What You Need to Know about the CDC’s New Breast Pump Guidelines

Breastfeeding advocates claim that breast is best, but for some new moms, things aren’t quite that simple. Using a breast pump to express milk is a part of the newborn feeding equation women may not have considered before their new bundles of joy arrived. Many moms are unexpectedly faced with premature or hospitalized babies who are unable to breastfeed or they choose to pump when they return to work after maternity leave.

Whatever the circumstances behind the decision to pump, moms need to know about new research that shows the importance of properly cleaning breast pump parts, especially those with preterm babies, young infants less than three months old and those with medical issues. After a premature baby contracted a serious infection from contaminated breast milk (passed on from contaminated pump parts), the Centers for Disease Control and Prevention published new guidelines on how moms can keep their breast pump kits clean.

Nuala Murphy, R.N. and international board-certified lactation consultant with Texas Health Presbyterian Hospital Dallas, says that while the CDC’s recommendations are an important reminder for all pumping moms, they are especially pertinent for those of premature and sick babies.

“Data like this comes out as ‘one size fits all’ and everybody gets panicked and upset when they’re already stressed out about all the decisions they have to make (with a newborn),” she says. “It’s important to differentiate what we’re talking about because preterm or sick full-term infants are much more vulnerable to infections like upper and lower respiratory diseases and necrotizing enterocolitis.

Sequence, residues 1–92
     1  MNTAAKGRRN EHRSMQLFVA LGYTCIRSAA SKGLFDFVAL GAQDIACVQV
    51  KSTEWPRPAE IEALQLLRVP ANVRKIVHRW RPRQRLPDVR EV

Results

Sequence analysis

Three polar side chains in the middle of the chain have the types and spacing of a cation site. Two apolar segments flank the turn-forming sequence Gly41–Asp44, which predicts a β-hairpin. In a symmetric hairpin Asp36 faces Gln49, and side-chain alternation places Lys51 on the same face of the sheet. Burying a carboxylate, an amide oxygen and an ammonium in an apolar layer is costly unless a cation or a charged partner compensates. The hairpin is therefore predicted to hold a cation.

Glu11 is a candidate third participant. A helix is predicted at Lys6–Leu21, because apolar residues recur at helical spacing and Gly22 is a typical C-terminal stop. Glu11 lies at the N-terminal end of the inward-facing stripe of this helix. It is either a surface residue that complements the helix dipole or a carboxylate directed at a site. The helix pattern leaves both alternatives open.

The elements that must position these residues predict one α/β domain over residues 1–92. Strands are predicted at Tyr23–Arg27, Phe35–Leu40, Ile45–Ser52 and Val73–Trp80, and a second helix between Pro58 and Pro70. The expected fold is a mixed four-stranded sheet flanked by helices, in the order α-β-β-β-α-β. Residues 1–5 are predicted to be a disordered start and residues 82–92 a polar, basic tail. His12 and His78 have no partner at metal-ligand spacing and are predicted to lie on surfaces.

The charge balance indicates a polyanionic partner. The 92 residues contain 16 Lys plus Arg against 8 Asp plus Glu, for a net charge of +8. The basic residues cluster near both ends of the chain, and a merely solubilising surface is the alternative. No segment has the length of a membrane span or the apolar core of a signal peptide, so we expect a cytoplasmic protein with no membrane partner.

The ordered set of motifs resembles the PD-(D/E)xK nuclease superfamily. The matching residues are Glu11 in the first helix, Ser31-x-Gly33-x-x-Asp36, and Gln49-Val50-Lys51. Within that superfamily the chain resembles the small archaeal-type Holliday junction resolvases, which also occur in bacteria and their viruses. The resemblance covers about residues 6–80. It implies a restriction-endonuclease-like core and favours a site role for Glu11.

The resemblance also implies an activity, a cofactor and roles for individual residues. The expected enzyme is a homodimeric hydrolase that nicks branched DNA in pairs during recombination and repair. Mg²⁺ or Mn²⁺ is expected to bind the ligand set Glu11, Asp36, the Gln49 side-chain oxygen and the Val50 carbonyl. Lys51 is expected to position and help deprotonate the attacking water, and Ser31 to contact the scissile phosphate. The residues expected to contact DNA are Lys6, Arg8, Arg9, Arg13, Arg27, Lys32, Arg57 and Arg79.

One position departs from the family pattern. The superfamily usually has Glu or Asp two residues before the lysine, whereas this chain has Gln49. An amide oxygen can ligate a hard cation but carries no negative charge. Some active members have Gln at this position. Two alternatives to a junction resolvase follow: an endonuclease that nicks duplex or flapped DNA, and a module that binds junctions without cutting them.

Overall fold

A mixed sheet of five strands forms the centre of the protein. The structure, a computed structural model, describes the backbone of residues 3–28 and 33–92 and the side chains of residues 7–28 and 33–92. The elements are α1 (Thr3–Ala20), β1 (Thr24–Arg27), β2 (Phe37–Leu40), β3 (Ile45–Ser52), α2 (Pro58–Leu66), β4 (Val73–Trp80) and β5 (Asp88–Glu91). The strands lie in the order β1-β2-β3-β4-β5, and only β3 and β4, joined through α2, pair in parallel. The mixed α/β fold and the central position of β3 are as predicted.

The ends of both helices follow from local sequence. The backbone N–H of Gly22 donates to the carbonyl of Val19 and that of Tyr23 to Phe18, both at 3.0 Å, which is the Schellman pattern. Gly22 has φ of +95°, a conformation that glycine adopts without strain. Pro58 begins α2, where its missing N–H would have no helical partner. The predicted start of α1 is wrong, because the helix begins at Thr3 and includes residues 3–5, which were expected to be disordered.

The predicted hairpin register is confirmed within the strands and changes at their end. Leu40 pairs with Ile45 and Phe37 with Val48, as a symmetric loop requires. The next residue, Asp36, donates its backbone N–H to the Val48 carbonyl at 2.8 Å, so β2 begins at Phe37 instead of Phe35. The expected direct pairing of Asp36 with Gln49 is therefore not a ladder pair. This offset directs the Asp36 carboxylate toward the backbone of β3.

“In study after study, we find that breast milk protects against diseases that are usually pretty unique to preterm infants so it is especially beneficial for them. Most of their moms are doing more pumping and need to be particularly careful about cleanliness because their babies are more likely to pick up infections, both from bacteria-contaminated breast milk or formula.”

The CDC’s recommendations for how and when to clean your pump and parts are as follows:

Before every use:

  • Wash your hands with soap and water for at least 20 seconds.
  • Check your pump kit for mold (especially tubing) and replace any parts if necessary.
  • If using a shared pump, clean the surface of the pump (including all dials and power switch) and the countertop with a disinfectant wipe.

After every use:

  • Store milk safely (check out CDC recommendations) by closing the container, labeling it with the date and time and store it in a refrigerator, freezer or cooler with ice packs as soon as possible. If milk will be used in a hospital or childcare facility, be sure to add your child’s name to the label.
  • If using a shared pump, clean the entire pump surface and countertop again.
  • Disassemble the pump, including all parts that come in contact with the skin or breast milk.
  • Rinse pump kit and then wash by hand or in a dishwasher (if recommended by the manufacturer).
  • If hand washing, eliminate the possibility of contamination by using a separate wash basin and bottle brush, used only for cleaning breast pump parts. Scrub pump parts with the bottle brush in hot water and soap before rinsing in running water.
  • If using the dishwasher, wash the pump parts using hot water and a heated drying cycle, and be sure to place all small parts in a closed-top basket. Remember to wash your hands before removing parts from the dishwasher.